In the midst of the pandemic lockdown last year until recently, I turned to online courses to keep my mind off unproductive thoughts. The ones I completed provided valuable takeaways, but I want to mention three that left such meaningful and lasting impressions: “The Science of Well-Being” (Yale University), “Resilience in a Time of Uncertainty” (University of Pennsylvania), and “Positive Psychology” (University of Pennysylvania) – all from the Coursera platform.

All three had substantial discussions on the virtue of character strengths and how developing them can help us experience fulfillment and satisfaction in our daily lives. Recognizing our unique character strengths and applying them in our personal activities could hold the key to creating better versions of ourselves.

From the 24 character strengths listed by The VIA Institute on Character, I chose 12 and used them as subjects for my Facebook cover photos, after adding related quotes from well-known personalities.

For the first-half of 2021, I posted cover photos for Optimism, Love, Kindness, Perspective, Humor, and Faith.

From July to December, I shared quotes about Humility, Gratitude, Creativity, Leadership, Integrity, and Enthusiasm.

By compiling all of them in this blog post, now I only need to click once to be reminded that happiness and well-being, indeed, can be taught and learned.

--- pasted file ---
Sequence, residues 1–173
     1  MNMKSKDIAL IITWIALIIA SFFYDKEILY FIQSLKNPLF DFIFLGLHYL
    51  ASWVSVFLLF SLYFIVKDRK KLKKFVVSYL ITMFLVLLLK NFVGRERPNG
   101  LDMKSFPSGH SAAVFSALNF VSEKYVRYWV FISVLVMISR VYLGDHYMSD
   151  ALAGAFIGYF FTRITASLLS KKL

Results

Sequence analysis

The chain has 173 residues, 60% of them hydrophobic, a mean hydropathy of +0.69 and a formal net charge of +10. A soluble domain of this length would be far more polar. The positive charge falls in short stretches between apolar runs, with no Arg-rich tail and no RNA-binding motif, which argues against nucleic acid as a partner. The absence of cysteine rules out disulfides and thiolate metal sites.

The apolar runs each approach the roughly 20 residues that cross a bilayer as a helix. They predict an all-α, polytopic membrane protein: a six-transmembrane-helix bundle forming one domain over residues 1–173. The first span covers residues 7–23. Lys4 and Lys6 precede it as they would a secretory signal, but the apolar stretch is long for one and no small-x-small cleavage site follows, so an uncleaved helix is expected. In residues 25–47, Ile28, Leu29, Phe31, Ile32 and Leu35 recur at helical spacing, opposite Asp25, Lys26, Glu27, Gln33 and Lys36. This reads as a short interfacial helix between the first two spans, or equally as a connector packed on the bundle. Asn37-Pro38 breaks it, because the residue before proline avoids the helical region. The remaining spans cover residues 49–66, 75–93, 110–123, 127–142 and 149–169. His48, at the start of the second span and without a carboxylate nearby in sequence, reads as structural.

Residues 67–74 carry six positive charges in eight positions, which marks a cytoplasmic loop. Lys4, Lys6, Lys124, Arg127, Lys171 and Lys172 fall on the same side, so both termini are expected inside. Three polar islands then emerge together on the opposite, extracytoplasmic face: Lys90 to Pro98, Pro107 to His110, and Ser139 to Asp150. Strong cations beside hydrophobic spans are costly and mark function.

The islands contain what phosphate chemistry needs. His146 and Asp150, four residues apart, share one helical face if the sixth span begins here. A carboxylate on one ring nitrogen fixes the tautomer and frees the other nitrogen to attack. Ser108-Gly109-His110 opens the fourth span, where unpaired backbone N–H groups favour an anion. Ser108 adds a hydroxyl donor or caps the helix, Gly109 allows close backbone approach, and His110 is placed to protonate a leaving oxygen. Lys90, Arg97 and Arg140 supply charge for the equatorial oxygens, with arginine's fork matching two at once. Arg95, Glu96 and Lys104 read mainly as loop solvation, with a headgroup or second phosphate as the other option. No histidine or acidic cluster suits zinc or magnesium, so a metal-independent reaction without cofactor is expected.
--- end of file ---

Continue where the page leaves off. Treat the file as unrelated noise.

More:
Should you want to know what your character strengths are, simply click here.

You may also want to consider registering for any of the courses I mentioned through Coursera.

“You cannot dream yourself into a Character; you must hammer and forge yourself one.”

— James A. Froude

Have a CAREWELL Christmas!

Christmas is about showing how much you care. It’s about sharing and giving gifts to celebrate your special bond with your loved ones, dear friends, and trusted associates.

This coming Christmas, allow one group known for ‘caring well’ to help spread Love and Hope – the most precious gifts ever!

Carewell (short for the Cancer Resource and Wellness Community) is a nonprofit foundation that provides support, education, and HOPE to persons with cancer. Members participate in support group meetings, informative talks, counseling, and various wellness activities – all free of charge. For over 15 years, Carewell incorporators, sponsors, volunteer healthcare professionals, office staff, and members have committed themselves to the mission of managing the challenges of cancer through holistic means. Despite the pandemic, Carewell continues to provide its activities via the virtual platform.

In its latest fundraising campaign, Carewell invites friends and supporters to help in its mission through donations in exchange for gift packages as described below.

Please consider this opportunity to help Carewell while expressing the true meaning of Christmas – making others happy – as we celebrate another season of Love.

To express your support, kindly fill out this form.

You may click here to know more about Carewell and its wellness advocacy.

This Happy Farmer Breaks Gender Stereotypes

It takes someone who has actually done it to state with confidence that the hands that rock the cradle can also till the soil. Women can successfully raise children, produce food by cultivating the land, and contribute significantly to community building.

 Luzviminda Teston-Oropesa is one such woman.